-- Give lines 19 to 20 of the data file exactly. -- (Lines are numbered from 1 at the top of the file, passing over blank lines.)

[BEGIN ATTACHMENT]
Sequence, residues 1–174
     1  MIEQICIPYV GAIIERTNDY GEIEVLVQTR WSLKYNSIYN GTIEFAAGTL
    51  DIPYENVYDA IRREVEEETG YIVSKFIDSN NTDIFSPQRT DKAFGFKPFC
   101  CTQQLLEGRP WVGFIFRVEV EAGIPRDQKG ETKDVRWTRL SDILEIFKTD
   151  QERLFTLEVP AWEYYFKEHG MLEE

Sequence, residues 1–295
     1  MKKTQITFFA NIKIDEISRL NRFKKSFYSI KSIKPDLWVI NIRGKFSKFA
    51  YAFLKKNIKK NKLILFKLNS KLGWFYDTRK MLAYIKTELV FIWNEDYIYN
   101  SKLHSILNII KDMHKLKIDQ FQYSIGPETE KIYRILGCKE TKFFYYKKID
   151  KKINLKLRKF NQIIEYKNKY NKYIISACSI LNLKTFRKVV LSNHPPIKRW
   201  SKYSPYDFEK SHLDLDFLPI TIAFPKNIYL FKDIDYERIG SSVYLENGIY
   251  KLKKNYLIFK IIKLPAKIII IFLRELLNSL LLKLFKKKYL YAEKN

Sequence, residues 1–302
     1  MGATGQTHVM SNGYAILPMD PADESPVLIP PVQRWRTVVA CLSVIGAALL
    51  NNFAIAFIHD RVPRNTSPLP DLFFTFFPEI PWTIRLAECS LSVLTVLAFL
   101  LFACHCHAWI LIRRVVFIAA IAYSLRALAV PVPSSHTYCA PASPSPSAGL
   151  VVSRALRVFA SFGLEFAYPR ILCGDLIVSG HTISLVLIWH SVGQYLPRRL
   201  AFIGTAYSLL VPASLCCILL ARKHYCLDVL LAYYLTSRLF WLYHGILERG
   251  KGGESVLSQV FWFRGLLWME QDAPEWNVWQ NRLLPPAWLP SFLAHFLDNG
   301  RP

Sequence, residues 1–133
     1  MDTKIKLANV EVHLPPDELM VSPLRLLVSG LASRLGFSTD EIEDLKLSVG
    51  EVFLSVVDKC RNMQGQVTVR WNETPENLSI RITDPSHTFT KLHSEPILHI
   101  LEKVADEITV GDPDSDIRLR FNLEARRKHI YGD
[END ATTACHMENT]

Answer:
   251  KGGESVLSQV FWFRGLLWME QDAPEWNVWQ NRLLPPAWLP SFLAHFLDNG
   301  RP